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U.S. Manufacturing--The Rise of the Middle Way

The decline of U.S. manufacturing is a familiar story. According to government statistics, U.S. manufacturing reached its employment peak in 1979, with 19.4 million workers. In 2010, the number was just 11.5 million. The share of all workers in manufacturing has declined from 23 percent in 1970 to 9 percent in 2010. This is generally taken to be a sign that the United States has lost its competitive edge in manufacturing, because low-cost developing countries can afford to pay their workers much less for highly routine work.

Less noticed, however, is the trend towards small and medium-scale manufacturing. In 1980, 50 percent of U.S. manufacturing jobs were in huge firms with 5000 or more employees. After decades of steady decline, that share fell to 35 percent by 2009. Likewise, the share of the sector’s jobs in small firms, with less than 500 employees, increased from 33 percent in 1980 to 41 percent in 2009.

A similar trend can be observed at the establishment level—that is a firm’s single physical location. The share of jobs in establishments with less than 100 employees has increased from 46 percent to 53 percent from 1992 to 2008. Over that period, the number of jobs in manufacturing establishments with fewer than 10 employees actually increased (see Your Economy). This suggests that US manufacturing, as with Germany’s famed Mittlestands, might be able to succeed in small and medium doses.

One possible explanation for these facts is that the United States, and similar countries, retain a comparative advantage in early to medium-stage production and product development, when networks, human capital, and monitoring are most important, but once the products are commodified and ready for global markets, the price of labor become a key factor, and many of the jobs go abroad, curtailing employment size.

If the above explanation is correct, then one would expect to see a high percentage of new firms—in earlier stages of development—located in clusters and metropolitan areas. Off-shoring would be limited to mature firms with commodity products.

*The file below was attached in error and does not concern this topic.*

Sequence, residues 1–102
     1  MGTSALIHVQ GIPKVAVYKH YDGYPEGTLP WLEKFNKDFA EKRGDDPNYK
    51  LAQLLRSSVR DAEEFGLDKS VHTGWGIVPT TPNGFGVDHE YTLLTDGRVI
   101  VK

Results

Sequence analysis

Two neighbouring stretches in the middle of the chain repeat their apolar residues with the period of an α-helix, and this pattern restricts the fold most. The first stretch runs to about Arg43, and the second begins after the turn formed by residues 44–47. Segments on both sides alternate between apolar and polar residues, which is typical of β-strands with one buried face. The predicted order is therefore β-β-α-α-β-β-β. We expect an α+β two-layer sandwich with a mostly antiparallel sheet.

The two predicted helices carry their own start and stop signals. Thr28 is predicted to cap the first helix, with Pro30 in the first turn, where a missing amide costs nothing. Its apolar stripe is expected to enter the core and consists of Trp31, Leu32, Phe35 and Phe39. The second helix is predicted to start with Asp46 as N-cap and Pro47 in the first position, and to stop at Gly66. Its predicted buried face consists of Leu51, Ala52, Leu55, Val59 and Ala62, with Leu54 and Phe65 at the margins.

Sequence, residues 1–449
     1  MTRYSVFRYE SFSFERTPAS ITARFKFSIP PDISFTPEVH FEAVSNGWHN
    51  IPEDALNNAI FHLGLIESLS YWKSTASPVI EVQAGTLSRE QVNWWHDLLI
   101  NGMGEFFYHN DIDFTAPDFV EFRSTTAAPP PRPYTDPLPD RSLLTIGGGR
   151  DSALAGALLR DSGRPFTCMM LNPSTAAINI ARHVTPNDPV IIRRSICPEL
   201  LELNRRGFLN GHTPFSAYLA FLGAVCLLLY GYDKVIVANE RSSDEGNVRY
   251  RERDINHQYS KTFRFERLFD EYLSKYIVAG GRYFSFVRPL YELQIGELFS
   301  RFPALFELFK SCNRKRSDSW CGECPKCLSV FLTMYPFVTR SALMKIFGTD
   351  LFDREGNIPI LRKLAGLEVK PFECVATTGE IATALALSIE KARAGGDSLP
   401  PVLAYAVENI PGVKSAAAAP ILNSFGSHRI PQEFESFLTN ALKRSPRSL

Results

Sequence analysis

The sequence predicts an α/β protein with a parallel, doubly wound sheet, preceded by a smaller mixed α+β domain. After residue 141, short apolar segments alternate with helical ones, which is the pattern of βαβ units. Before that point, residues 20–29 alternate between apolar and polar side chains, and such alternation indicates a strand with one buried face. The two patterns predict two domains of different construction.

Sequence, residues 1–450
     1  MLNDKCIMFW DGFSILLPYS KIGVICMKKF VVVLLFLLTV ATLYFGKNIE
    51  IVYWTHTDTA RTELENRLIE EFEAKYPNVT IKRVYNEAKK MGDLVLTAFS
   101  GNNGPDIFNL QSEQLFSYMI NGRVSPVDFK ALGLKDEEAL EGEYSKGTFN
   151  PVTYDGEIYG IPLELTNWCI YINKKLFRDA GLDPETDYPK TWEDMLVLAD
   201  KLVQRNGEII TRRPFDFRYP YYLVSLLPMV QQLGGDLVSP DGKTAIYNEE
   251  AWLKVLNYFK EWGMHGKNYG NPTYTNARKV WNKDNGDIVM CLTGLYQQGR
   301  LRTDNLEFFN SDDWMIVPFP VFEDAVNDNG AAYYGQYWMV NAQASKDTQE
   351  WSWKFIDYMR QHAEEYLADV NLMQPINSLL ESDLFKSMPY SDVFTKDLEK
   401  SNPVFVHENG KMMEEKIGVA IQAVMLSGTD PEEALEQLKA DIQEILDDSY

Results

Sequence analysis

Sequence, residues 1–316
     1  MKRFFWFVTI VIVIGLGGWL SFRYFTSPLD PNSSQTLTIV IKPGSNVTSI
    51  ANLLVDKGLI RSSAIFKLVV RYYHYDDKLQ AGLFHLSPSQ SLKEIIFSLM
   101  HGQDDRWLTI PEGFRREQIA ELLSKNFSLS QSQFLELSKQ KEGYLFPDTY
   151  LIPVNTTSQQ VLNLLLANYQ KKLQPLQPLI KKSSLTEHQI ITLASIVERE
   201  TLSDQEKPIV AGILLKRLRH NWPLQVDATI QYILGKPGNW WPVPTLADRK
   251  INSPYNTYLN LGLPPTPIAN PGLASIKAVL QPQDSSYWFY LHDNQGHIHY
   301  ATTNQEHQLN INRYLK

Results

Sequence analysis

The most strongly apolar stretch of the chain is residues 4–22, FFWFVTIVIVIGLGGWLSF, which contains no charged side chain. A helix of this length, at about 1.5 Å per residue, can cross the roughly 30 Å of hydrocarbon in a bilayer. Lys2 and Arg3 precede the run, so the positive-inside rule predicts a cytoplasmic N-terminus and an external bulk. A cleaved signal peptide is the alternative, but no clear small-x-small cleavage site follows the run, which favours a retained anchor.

There is some evidence that this trend is playing out in the clean economy. As we discussed in a previous post, 54 out of 58 US firms in the Global Cleantech 100 have headquarters in one of the 100 largest metropolitan areas, and yet, over half of these firms are manufacturers. This is also consistent with a policy movement aimed at recognizing and nurturing bringing back manufacturing to cities (see this Brookings-Pratt collaboration).

Moreover, these cutting-edge cleantech firms are much smaller and younger than the average establishment. The 47 global cleantech firms in the Brookings clean economy database--a work in progress--have an average size of 75 workers; the average start year of the Global Cleantech establishments is 2004, compared to a national average of roughly 1997.

In contrast to these newer firms, a large mature U.S. solar manufacturing firm--First Solar, which was founded in 1992--has already opened up 16 production lines in Malaysia, compared to 3 in the United States. In its 2009 annual report, it claims to have 4700 employees, and so it already approaching a very large size. The decision to go to Malaysia seems to have been motivated in part by a 16-year tax holiday (on top of a corporate tax rate that was already 10 percentage points lower), but more importantly perhaps, the average wages for a manufacturing employee in the relevant electronics industry are less than one tenth the wages of their U.S. counterparts.

If First Solar is any indication, the window of large-scale job creation for U.S. manufacturing may be short before at least some production lines go overseas. Clearly, policy can help here. Public efforts should focus on making sure manufacturing firms have sufficient access to finance, skilled labor, land, and clusters to both prolong and deepen their investments in the United States. It might be inevitable that some of their jobs go overseas, but the country can still benefit greatly from hosting the early and medium stages of firm development, as well as retaining a home base.